Hidden Cove Park and Marina et al v. Lexington Insurance Company et al

Filing 58

MEMORANDUM OPINION AND ORDER. Defendants' Motion to Amend Order to Certify for Interlocutory Appeal (Dkt. # 54 ) is hereby DENIED. Signed by District Judge Amos L. Mazzant, III on 1/22/2018. (rpc, )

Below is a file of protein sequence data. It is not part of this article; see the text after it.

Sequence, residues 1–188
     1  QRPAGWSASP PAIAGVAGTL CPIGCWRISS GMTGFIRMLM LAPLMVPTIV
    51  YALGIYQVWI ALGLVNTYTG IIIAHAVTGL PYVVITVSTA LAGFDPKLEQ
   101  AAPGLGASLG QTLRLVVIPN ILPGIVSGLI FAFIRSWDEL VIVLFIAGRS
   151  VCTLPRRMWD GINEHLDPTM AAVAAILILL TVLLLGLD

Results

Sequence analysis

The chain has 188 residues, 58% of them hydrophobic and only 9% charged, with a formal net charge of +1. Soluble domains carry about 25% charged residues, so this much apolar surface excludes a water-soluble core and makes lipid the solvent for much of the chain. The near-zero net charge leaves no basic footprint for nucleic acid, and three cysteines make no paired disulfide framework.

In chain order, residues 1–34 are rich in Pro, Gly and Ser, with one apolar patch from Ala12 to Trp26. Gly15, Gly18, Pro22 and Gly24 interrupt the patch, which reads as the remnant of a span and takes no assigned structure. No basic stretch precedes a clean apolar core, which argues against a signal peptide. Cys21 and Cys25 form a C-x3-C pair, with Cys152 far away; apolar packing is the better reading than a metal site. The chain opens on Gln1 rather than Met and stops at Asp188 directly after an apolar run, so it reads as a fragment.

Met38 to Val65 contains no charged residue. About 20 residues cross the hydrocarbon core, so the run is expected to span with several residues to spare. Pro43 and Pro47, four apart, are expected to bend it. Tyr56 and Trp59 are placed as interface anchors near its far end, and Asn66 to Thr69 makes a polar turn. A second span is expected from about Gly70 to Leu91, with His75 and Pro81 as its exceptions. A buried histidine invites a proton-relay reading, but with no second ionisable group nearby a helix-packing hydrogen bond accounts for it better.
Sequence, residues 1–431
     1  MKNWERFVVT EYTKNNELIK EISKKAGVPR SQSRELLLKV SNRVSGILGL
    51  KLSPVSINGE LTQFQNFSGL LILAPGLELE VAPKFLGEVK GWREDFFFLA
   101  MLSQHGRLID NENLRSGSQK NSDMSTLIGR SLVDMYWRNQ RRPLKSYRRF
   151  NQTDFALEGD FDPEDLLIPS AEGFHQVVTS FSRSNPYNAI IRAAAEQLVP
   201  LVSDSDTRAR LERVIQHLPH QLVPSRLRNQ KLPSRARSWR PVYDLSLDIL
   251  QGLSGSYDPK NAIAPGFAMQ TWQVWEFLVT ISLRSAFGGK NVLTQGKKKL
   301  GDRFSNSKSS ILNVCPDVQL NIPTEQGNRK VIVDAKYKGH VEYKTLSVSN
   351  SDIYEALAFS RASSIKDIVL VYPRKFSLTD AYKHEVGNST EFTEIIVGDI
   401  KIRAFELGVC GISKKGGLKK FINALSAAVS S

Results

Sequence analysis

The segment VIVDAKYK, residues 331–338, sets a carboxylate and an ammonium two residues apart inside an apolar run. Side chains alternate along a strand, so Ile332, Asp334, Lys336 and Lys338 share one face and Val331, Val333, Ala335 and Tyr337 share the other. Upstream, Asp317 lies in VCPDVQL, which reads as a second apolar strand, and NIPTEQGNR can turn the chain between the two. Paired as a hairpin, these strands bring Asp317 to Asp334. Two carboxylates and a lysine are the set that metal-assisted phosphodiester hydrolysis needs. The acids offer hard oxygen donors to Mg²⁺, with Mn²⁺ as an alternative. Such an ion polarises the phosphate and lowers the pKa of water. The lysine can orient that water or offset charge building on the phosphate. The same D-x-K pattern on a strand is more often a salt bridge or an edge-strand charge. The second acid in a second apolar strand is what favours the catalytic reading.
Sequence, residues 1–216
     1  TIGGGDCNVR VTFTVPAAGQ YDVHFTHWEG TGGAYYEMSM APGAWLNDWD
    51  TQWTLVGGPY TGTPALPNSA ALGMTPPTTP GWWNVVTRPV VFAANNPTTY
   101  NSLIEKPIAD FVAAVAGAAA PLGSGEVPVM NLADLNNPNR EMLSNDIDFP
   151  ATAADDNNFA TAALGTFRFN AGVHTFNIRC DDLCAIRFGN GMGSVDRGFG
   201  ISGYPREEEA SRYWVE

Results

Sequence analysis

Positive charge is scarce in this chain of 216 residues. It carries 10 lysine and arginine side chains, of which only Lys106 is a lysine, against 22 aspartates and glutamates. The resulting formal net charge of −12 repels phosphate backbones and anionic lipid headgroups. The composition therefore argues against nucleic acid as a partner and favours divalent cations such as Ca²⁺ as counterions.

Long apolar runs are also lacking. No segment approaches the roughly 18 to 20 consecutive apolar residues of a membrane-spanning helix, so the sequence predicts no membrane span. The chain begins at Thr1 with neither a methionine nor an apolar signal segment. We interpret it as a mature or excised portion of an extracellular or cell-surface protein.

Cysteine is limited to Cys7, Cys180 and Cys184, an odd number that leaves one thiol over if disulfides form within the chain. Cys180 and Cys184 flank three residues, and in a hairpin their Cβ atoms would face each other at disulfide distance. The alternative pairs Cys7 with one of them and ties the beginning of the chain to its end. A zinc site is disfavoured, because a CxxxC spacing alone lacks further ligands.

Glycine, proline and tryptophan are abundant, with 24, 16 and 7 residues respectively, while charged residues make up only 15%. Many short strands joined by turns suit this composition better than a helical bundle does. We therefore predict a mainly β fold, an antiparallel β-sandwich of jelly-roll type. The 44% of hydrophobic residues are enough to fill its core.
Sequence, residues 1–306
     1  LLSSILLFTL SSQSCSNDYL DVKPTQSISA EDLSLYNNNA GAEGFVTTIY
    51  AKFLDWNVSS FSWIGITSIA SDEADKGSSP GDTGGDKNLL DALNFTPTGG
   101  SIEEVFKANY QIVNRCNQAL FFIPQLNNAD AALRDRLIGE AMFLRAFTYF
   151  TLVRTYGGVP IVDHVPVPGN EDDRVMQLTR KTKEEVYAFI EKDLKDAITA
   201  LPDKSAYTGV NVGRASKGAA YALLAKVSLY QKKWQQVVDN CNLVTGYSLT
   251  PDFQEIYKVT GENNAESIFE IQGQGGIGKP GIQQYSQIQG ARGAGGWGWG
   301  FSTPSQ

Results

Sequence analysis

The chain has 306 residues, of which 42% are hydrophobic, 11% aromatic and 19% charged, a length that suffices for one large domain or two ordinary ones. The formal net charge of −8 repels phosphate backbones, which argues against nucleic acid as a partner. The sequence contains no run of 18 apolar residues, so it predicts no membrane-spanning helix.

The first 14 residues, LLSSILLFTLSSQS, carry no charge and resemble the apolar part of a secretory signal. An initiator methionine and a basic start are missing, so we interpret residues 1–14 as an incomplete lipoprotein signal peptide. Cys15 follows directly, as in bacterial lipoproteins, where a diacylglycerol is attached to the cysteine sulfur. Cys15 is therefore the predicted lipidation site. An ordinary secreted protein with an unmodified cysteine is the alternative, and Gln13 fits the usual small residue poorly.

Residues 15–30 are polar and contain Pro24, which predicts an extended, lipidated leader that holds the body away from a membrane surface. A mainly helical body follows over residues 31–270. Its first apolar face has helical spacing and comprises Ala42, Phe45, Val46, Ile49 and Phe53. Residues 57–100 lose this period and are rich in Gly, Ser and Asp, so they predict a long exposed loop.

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United States District Court EASTERN DISTRICT OF TEXAS SHERMAN DIVISION HIDDEN COVE PARK & MARINA, and MARINE QUEST HIDDEN COVE, LP, MQTXM, LLC d/b/a TEXOMA PARK & MARINA v. LEXINGTON INSURANCE COMPANY, and AIG CLAIMS, INC. § § § § § § § § § CASE NO. 4:17-CV-193 Judge Mazzant MEMORANDUM OPINION AND ORDER Pending before the Court is Defendants’ Motion to Amend Order to Certify for Interlocutory Appeal (Dkt. #54). After reviewing the motion and the relevant pleadings, the Court finds that the motion should be denied. BACKGROUND The action before the Court is a property insurance dispute, in which Plaintiffs Hidden Cove Park & Marina and Marine Quest Hidden Code, LP MQTXM, LLC d/b/a Texoma Park & Marina sued Defendants Lexington Insurance Company and AIG Claims, Inc. alleging breach of contract, violations of the Texas Unfair Claims Practice Act, non-compliance with Texas Insurance Code Chapter 542 Prompt Payment of Claims Act, breach of common law good faith and fair dealing, and unfair settlement practices. On June 30, 2017, Plaintiffs and Defendants filed cross motions for partial summary judgment asking the Court to interpret the language of the policy at issue in the case. On November 9, 2017, the Court issued a Memorandum Opinion and Order on the motions (Dkt. #53). 1 On December 4, 2017, Defendants filed the present Motion to Amend Order to Certify for Interlocutory Appeal (Dkt. #54). On December 18, 2017, Plaintiffs field a response (Dkt. #55) and Defendants filed their reply on December 22, 2017 (Dkt. #57). ANALYSIS Under 28 U.S.C. § 1292(b), the Court may certify one of its orders for interlocutory appeal if it determines “that such order involves a controlling question of law as to which there is substantial ground for difference of opinion and that an immediate appeal from the order may materially advance the ultimate termination of the litigation[.]” Defendants allege that they have met this standard, and the Court should amend to certify its Order. In the Fifth Circuit, interlocutory appeals are exceptional and “[d]o not lie simply to determine the correctness of a judgment.” Clark-Dietz & Assocs.-Eng’rs, Inc. v. Basic Constr. Co., 702 F.2d 67, 68 (5th Cir. 1983). Therefore, “[a]ll three…elements should be present before a court certifies an order for interlocutory appeal.” Monroe v. Cessna Aircraft Co., No. 2:05-cv-250, 2006 WL 1305116, at *1 (E.D. Tex. May 9, 2006). Additionally, “[s]atisfying these three statutory criteria is not always sufficient, ‘as district court judges have unfettered discretion to deny certification even when all three are satisfied.’” Commil USA, LLC v. Cisco Sys., Inc., No. 2:07-cv-341, 2011 WL 738871, at *4 (E.D. Tex. Feb. 23, 2011) (internal citation omitted), judgment vacated on other grounds by Commil USA, LLC v. Cisco Sys., Inc., 135 S.Ct. 1920 (May 26, 2015). The Court finds that the elements for certification of interlocutory appeal are not met in the present case. First, the Court’s Order regarding the parties’ cross motions for summary judgment does not raise a controlling question of law. An order may only be certified for interlocutory appeal under § 1292(b) if it turns on “a pure issue of law, i.e., a question the appellate court can 2 efficiently rule on without making an intensive inquiry into the record.” Software Rights Archive, LLC v. Google, Inc., No. 2:07-CV-511, 2009 WL 1797996, at *2 (E.D. Tex. June 24, 2009) (citations omitted); see also IP Innovation LLC v. Google Inc., No. 2:07-CV-503-RRR, 2010 WL 691130 (E.D. Tex. Jan. 6, 2010) (Rader, J. sitting by designation) (denying certification because the question was not a “pure issue of law”). The issue Defendants seek to certify for appeal is the interpretation of the language of the policy (Dkt. #54). The Court finds that this is not a pure question of law, but instead a mixed question that would require the Fifth Circuit to apply legal principles to the policy at issue in the suit. Therefore, the Court finds that the question is not suited for interlocutory appeal, and Defendants’ motion should be denied. Additionally, Defendants’ motion should be denied because the case does not present a substantial ground for a difference of opinion. Courts have found that there is a substantial ground for a difference of opinion when a trial court rules in a manner which appears contrary to the rulings of all Courts of Appeals which have reached the issue, if the circuits are in dispute on the question and the Court of Appeals of the circuit has not spoken on the point, if complicated questions arise under foreign law, or if novel and difficult questions of first impression are presented. Ryan v. Flowserve Corp., 444 F. Supp. 2d 718, 723–24 (N.D. Tex. 2006); see Adhikari v. Daoud & Partners, No. 09-CV-1237, 2012 WL 718933, at *2 (S.D. Tex. Mar. 5, 2012)). The Court finds that Defendants’ question does not present a substantial ground for a difference of opinion, and thus the Defendants’ motion should be denied. Even if the Defendants had met the three requirements, the Court in its discretion finds that the motion should be denied and the parties should proceed through the litigation process before exercising their right to appeal, if necessary. 3 . CONCLUSION It is therefore ORDERED that Defendants’ Motion to Amend Order to Certify for Interlocutory Appeal (Dkt. #54) is hereby DENIED. SIGNED this 22nd day of January, 2018. ___________________________________ AMOS L. MAZZANT UNITED STATES DISTRICT JUDGE 4

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